- Governance—New York City Interagency Communications Committee as an example of how jurisdictions are demonstrating the capability of managing a regional committee working within a multi-state framework
- Standard Operating Procedures—Minnesota Allied Radio Matrix for Emergency Response (ARMER) as an example of comprehensive interoperability achieved through procedures and protocols governing response designed prior to an incident
- Technology—Delaware Statewide Emergency Communications System as an example of a standards-based, regionally-shared system that supports more than 14,000 subscribers from 247 different local, State, Federal, and non-governmental agencies, processing more than 115,000 interoperable communications calls on a routine day
- Training and Exercises—Washington State Integrated Interoperable Communications Plan, developed in preparation for the 2010 Olympic Games, as an example of an interagency communications plan adapted into a two-day curriculum enabling students to apply their new communications skills through a series of tabletop exercises
- Usage—Louisiana Wireless Information Network (LWIN), developed as part of the recovery efforts of Hurricane Katrina, as an example of a multijurisdictional system that provided vital support to local, State, and Federal responders during responses to Hurricane Gustav and the Deepwater Horizon oil spill
Friday, September 16, 2011
This month our Nation marked the tenth anniversary of the September 11, 2001 terrorist attacks. The events of that day revealed just how important coordination and interoperable communications are to the critical work of emergency responders who save lives, every day, in our cities and towns across the Nation. While the attacks were dramatic and tragic events for our Nation, they highlighted the concerns about the vital need for improved emergency communications and were an important catalyst for change.
Over the last ten years, we have made significant progress to improve emergency communications capabilities. Since its inception in 2007, the US Department of Homeland Security's Office of Emergency Communications (OEC) has worked with our partners at the Federal, State, local, and tribal levels to ensure emergency responders can share information—voice and data—with each other during emergencies and day-to-day operations. Through these partnerships, we have shared best practices and insights to develop solutions that benefit stakeholders across disciplines and jurisdictions.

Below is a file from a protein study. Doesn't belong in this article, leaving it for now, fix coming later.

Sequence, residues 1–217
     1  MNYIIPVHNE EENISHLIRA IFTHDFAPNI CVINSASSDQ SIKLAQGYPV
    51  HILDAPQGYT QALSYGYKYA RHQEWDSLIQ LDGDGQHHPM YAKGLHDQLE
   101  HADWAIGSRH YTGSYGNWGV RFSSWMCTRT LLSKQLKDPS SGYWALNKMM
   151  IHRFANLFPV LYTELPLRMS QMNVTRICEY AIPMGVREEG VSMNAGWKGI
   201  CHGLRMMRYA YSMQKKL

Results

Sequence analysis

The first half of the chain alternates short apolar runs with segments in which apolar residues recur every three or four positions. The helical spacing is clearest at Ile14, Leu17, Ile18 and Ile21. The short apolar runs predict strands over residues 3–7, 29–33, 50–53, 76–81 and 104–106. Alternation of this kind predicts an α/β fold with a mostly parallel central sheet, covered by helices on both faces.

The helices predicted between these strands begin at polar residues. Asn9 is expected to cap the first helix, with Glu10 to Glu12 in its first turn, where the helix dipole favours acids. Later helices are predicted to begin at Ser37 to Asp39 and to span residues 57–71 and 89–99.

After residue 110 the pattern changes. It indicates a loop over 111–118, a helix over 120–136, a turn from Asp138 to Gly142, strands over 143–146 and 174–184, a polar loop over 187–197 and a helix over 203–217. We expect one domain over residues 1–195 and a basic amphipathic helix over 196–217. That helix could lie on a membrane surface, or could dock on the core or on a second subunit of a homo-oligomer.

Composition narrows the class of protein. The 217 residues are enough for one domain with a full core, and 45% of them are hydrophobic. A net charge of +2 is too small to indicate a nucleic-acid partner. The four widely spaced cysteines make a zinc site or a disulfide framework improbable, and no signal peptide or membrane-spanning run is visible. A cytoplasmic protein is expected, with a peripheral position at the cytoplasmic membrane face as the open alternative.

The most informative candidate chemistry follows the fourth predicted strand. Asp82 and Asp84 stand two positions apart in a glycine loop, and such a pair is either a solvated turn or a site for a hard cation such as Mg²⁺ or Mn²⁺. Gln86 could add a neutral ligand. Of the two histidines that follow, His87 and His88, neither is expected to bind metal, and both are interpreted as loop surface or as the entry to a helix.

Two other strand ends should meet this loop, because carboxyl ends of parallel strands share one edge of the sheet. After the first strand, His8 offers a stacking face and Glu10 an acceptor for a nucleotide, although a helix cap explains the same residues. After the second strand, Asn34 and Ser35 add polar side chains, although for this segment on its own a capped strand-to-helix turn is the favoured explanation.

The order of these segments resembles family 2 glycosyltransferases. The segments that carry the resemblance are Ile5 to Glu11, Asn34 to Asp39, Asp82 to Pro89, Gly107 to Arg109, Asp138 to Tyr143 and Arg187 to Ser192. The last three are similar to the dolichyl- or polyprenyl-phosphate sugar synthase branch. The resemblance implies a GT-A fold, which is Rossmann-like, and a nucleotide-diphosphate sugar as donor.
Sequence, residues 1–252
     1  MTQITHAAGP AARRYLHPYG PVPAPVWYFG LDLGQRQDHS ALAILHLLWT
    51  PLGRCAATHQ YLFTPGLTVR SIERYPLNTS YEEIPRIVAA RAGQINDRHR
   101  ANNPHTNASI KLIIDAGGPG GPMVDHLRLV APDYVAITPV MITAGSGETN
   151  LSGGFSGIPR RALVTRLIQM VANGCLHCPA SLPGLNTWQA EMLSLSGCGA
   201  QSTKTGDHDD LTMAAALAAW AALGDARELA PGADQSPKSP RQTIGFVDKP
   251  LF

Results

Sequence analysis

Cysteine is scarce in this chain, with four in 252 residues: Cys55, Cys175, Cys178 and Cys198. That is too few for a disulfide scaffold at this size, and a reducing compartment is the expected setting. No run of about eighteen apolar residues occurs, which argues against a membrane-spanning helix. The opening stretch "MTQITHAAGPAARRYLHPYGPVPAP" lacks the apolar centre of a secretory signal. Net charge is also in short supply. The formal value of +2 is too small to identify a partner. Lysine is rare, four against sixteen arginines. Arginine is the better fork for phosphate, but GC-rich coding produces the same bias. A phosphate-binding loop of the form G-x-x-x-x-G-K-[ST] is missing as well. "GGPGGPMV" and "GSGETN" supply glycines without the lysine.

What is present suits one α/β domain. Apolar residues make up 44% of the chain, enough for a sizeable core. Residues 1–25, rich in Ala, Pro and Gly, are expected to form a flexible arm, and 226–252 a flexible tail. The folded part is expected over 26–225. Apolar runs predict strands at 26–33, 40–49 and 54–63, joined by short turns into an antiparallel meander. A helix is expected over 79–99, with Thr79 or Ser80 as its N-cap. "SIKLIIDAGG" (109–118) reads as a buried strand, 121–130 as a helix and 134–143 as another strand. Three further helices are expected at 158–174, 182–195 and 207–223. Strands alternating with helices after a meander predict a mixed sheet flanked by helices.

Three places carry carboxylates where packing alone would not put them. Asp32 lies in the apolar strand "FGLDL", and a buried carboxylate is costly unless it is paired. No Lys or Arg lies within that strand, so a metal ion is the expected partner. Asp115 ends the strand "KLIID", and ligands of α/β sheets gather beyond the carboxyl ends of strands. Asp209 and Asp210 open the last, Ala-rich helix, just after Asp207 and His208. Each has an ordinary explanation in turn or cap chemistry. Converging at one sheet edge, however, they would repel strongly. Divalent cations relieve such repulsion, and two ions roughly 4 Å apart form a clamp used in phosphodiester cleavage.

To highlight advancements made by stakeholders, OEC has published five case studies. These case studies align with the SAFECOM Interoperability Continuum— the critical success factors that help jurisdictions achieve interoperability—governance, standard operating procedures, technology, training and exercises, and usage. Through these case studies, OEC is highlighting examples from various jurisdictions across the Nation so that others will be able to understand the complexities of interoperability and determine how the innovative solutions included in the studies might help them overcome their own barriers.
The case studies include:
These case studies highlight just a few examples of the tremendous progress made in the field of emergency communications since that tragic day in 2001. While much has been accomplished towards achieving nationwide interoperability in the last ten years, there is still work to be done. As new technologies and their capabilities are explored, the principles that have worked to date cannot be overlooked. The ability of public safety officials to effectively communicate is essential to saving lives and property. OEC and our stakeholder partners will continue working together to ensure progress is made and the citizens of the Nation are provided the highest level of safety and security possible.
For more information or to request a PDF copy of the case studies, contact OEC@dhs.gov.
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